If you read the IDA website and description of Smart Nation initiative, you see that "Smart" does many things. Smart will improve the lives of citizens, create more opportunities, and build stronger communities. Smart Nation gets things done.
- Smart Nation is built upon big data. What is scary is how it has been glorified, almost deified. They're telling us that smart will improve the future! it can be used to predict the future. But does it really? But it has everything to do with the human beings who have collected the data and are doing things with it.
- Apparently we were ignorant, but now we are smart! But is smart just making us lose the ability to understand that we are ignorant about many things...
- Why is there general apathy towards discussing data privacy regulations?
- Big data analytics is almost the opposite of imagining, dreaming, and scenario planning. Data is virtually over-glorified and deified as the solution to everything. Big Data plays into our human desire to have 'understood' everything and to exercise control over it. The result is that data ends up wielding power over decision making processes in the private and public sector here.
- To what extent does data dictate the future? Would one be able to question big data, if you feel something intuitively is wrong, but the data says otherwise?
- Will the rhetoric of "Smart Nation" reduce people's ability to understand that the average Singaporean citizen may still be quite ignorant and have a long way to go about understanding many basic issues such as information privacy, data surveillance, and data protection?
- I thought I'd add some of my general thoughts on "Smart Nation" so far: If I had to describe my greatest concern, it would be whether the rhetoric of "Smart Nation" and "Smart"-ness reduces people's ability to recognise that the average Singaporean citizen may still be 'ignorant' in terms of understanding more about data - eg: information privacy, data/cyber surveillance, and data protection. In a way, big data analytics is almost the opposite of imagining, dreaming, and discussing/scenario planning/workshopping as we might do here over the weekend. I see the role of the artist/designer as someone who speculates on the possibilities or narrativises them, and tries to bridge the gaps in our understanding of the city. But for the most part, people look to numbers and data for the answers, for future solutions to many problems. At the same time many people in Singapore don't always know what (or how much) data is being collected and how it is being used; and this data will wield considerable power over decision making processes in the private and public sector here.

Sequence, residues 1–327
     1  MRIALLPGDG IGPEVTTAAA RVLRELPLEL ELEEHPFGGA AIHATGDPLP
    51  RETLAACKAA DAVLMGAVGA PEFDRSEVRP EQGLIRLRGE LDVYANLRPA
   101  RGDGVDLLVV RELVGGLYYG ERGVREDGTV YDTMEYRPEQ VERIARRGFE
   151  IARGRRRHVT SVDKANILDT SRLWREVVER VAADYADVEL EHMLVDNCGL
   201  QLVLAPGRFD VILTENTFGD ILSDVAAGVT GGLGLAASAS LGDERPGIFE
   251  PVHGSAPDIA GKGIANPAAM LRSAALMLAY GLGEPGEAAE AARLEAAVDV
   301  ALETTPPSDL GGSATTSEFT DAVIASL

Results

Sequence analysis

- Whilst the government has said it will only use its powers in a lawful (and benevolent) manner, I think there is need for better transparency and more open-ness from the government on data surveillance, and how the data is used. But it seems Singaporeans are generally apathetic and there is little public dialogue on this at the moment, although it is crucial for us to have these conversations for the future. How do we design prototypes or installations which would have an end result of making people think/discuss more about issues of data privacy?